The family and estate for late The Walking Dead stuntman John Bernecker have filed a wrongful death lawsuit against AMC, more than six months after Bernecker was killed while filming the eighth season of the hit series. Susan Bernecker — John’s mother — and his estate filed a civil suit late Tuesday in Georgia state court seeking a variety of unspecified damages. The suit not only names AMC but also actor Austin Amelio (Dwight) and a number of production companies associated with the series.
Here are some of the highlights from the lawsuit, which you can read in its entirety here:
“The production of Season 8 of The Walking Dead, like seasons before it, had an emphasis on keeping production budgets low and profits high.”
“The Stewart Film defendants’ numerous failures to take reasonable safety precautions were the direct result of the policies, pressure, and decisions from the AMC Defendants to produce The Walking Dead for minimum cost and maximum profit.”
“As the ultimate decision-makers for The Walking Dead production, the AMC Defendants are each independently responsible for the failure of The Walking Dead production to take reasonable safety precautions to protect its performer, John Bernecker. Each of the Defendants had knowledge, actual or constructive, that the film of Season 8 of The Walking Dead, include Episode 807, was not being performed in a safe manner in accordance with industry standards.”
For its part, AMC responded to the civil suit in a statement released to Deadline Hollywood:
“Our thoughts and prayers are and have been with John Bernecker, his family, friends and everyone touched by this tragic accident since the moment it occurred. We take the safety of our employees on all of our sets extremely seriously, and meet or exceed industry safety standards. Out of respect for the family, we will have no further comment on this litigation.”
Following up on the U.S. Department of Labor’s Occupational Safety and Health Administration (OSHA) issuing a serious citation with the maximum fine amount allowed to The Walking Dead producer Stalwart Films on January 6th, Bernecker‘s mother said that she intended to “seek justice for John and to ensure that no other parent with a child working in the film and television industry suffers this kind of heartbreak.”
“There are no words to describe the loss of my son, John, who was a highly professional, veteran stuntman with a remarkable passion for life. He was very respected and loved in the film industry. This tragedy has changed our family forever and has left us with many questions that deserve answers.” – Susan Bernecker
Jeff R. Harris serves as legal counsel for Bernecker and represented the parents of Sarah Jones, the camera assistant killed on the set of Midnight Rider in 2014.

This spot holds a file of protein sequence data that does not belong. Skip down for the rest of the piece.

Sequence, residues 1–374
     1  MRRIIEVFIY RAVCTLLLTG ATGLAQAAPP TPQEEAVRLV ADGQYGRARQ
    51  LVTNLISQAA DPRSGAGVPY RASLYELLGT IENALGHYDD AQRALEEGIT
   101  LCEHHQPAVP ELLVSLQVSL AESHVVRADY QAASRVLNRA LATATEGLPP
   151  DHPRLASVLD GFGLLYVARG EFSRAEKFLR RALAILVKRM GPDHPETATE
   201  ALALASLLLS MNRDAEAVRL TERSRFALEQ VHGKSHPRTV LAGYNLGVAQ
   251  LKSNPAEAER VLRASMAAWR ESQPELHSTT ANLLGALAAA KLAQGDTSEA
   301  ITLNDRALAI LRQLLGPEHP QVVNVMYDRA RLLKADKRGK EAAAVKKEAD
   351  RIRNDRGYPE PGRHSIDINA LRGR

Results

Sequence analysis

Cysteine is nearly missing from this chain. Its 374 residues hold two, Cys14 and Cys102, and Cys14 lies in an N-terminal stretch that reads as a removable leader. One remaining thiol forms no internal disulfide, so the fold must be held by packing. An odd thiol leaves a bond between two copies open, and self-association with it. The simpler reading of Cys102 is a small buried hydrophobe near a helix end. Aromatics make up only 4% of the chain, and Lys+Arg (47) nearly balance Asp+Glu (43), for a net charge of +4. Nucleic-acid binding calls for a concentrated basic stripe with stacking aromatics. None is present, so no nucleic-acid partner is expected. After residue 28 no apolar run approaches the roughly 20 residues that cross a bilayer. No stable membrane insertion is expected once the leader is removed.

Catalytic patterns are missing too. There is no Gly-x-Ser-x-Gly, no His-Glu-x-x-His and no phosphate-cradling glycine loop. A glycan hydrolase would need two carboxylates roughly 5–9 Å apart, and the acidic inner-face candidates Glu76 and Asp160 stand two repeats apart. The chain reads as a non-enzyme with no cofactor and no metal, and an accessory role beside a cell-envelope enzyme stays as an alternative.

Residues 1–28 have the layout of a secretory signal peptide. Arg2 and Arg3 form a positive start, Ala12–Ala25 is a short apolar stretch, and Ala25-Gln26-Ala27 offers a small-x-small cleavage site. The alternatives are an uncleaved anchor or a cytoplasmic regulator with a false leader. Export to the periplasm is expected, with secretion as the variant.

“We have been waiting for the OSHA investigation to conclude so that we can proceed with civil litigation. We are hopeful that the John Bernecker case will elevate safety standards in the film and television industry so that stunt-related tragedies can be avoided in the future.” – Jeff R. Harris
OSHA hit Stalwart Films with the maximum fine allowable by law under the citation issued. In OSHA’s official statement regarding the fine that was released, Stalwart Films was called out for “failing to protect employees from fall hazards while filming the television show, The Walking Dead.”
OSHA’s statement continued:
“OSHA issued a serious citation and proposed penalties totaling the maximum allowable fine of $12,675, for the company’s failure to provide adequate protection from fall hazards. OSHA investigated Stalwart’s filming location in Senoia after a stuntman was fatally injured after falling more than 20 feet.”
In a statement, Stalwart Films acknowledged the tragedy behind the accident that took Bernecker’s life, but disagreed with OSHA’s decision and implied that this may not be the end of the matter:
“This was a tragic and terrible accident. We take the safety of our employees extremely seriously on all of our sets and comply with – and frequently exceed – industry safety standards. We disagree with the issuance of this citation and are considering our response.”
As background, the vast majority of citations issued by OSHA violation citations are classified as “serious,” with more severe citation categories including “repeat” and “willful” violations that would result in heavier fines.
“This tragedy should serve as a wake-up call for the entertainment industry. The entire industry needs to commit to safety practices for actors and stunt people involved in this type of work.” – Kurt Petermeyer, OSHA Atlanta Regional Administrator
In July 2017, Bernecker was filming a stunt for The Walking Dead‘s eighth season that required him to fall approximately 22 feet off of a balcony and onto a safety cushion that was set below. Assistant director Matthew Goodwin stated that Bernecker did not achieve “good separation” from the balcony, resulting in severe injuries that the Coweta County Sheriff’s Office reports were caused by the stuntman landing on his head and neck on the concrete next to the safety cushion. Immediate aid was rendered, and Bernecker was airlifted to an Atlanta medical center where he was place on a ventilator. His family asked that the ventilator be turned off the following day.
Production on The Walking Dead was suspended briefly, and a number of cast and crew took to social media to express their heartbreak and condolences. Showrunner Scott M. Gimple and executive producers Gale Anne Hurd, Robert Kirkman, Dave Alpert, and Greg Nicotero cancelled their panel at the Television Critics Association (TCA) press event to attend Bernecker’s funeral.